When it comes to Agarwood and the oud oil it produces, the real tragedy of the situation is its reputation for having an unsavory smell. It’s a certain aroma that assaults the nostrils and tends to stain one’s opinion on the otherwise wonderful oils. It’s been described as “fanky”, an unflattering combination of funky and stanky, by several different sources. The fragrance is reminiscent of a barnyard or the burnt rubber o f an abused car tire. In short, it stinks. But the sad fact is that this unpleasant smell should not be the true representative of oud oils and Agarwood. It is but a shadow of the true wonder of oud, and it does the beauty of Agarwood no justice. In fact, it tarnishes the fantastic experience of discovering oud oils in its pure and intended form.
There’s a very specific reason why the mainstream consumer is introduced to the more rubber-like oud scent rather than the savory and unique aromas of pure Agarwood. To keep it simple, the oud oils used to make the more popular designer fragrances are either synthetic or of an incredibly low quality. Focusing on the latter point, the companies that specialize in exotic fragrances are forced to work with distillers who market pure oud oils. The truth is, however, that these distillers are drawing their oils from poor quality Agarwoods. They push, prod, and squeeze every last drop of oil out of these low-grade woods without a single shred of consideration for the quality of the product itself. The only thing they have on the mind is, of course, money. They buy cheap, produce cheap, and then sell expensive in a slimy approach to making money. They take the extravagance of Agarwood and oud oils, and pervert it with cheap production and cheap materials.
One of the main methods of increasing oil yields in the Agarwoods is to soak it in water for months. While this is a very important step in the process, the environment in which it is soaking is just as important, if not more so. You see, there’s an art to the distilling process of Agarwood. A master of the craft knows that you can’t just let the wood soak in the water and call it a month. Not to mention the quality of the water it’s soaking in. These corporations tend to soak their product in contaminated waters and just, sort of, leave it there to collect mold, mildew and various other bacteria. This is exactly what one would expect to happen after leaving anything in water for that long unattended. Why should it be acceptable here? In no other industry could we sell water-damaged materials.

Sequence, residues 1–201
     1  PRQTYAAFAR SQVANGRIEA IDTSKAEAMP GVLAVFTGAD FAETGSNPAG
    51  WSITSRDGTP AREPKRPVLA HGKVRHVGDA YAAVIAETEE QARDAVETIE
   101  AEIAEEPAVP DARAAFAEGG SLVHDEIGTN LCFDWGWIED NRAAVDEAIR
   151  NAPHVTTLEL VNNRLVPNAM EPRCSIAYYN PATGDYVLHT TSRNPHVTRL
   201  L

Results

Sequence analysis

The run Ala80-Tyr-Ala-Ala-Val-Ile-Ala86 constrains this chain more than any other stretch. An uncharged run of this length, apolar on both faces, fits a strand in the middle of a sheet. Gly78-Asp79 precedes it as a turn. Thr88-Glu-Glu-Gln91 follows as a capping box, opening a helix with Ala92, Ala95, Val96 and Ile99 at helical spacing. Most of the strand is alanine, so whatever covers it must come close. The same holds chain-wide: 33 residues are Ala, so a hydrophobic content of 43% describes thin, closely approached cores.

A true purveyor of the art of distilling Agarwood of its oud oils knows the secret to a perfect aroma is experimentation. It’s this willingness to try new and innovative methods to distilling the woods that we get the wide and varied assortment of luscious scents out of the high-quality oils. It is this that oud oil should be famous for, not the musty barnyard smell we’ve all come to associate it with.
When the masters go in and get their hands dirty to bring us the best oils they possibly can, it’s rarely with the same tricks from the year before, or even the month before. One method they’ve worked with was to soak the wood in hot water, making sure the temperature is consistent for a month. And on the opposite end of the spectrum, they’ve tried soaking it inside of a refrigerator. A more unusual method is to whisk and churn sawdust within the water daily, as well as changing the water. This can help the wood to become softer, while at the same time preventing any foul odor from presenting. No two scents come out the same, whether the water is filthy and shallow, or deep and clean, or any variation of that. Each one is unique and special, and a trophy to the hard work and dedication of the artisans who produce it.
With all of this knowledge regarding the processes of creating the oud oils, and truly understanding and appreciating just how important having the right environment and care for the Agarwoods are, there is no way I, nor anyone else, can ignore the travesty that is the big business pushed, low-quality, cheaply handled, and borderline fake oud oils. When you open up that bottle and suddenly find your nostrils filled with the unsavory barnyard scent instead of the enticing aroma of true Agarwood distilled oils, you’ll know that it wasn’t handled with half the care it truly deserves. They let it sit in dirty water and collect bacteria for months without a second thought, depriving every fragrance enthusiast the chance to experience a life changing, one of a kind aroma like no other.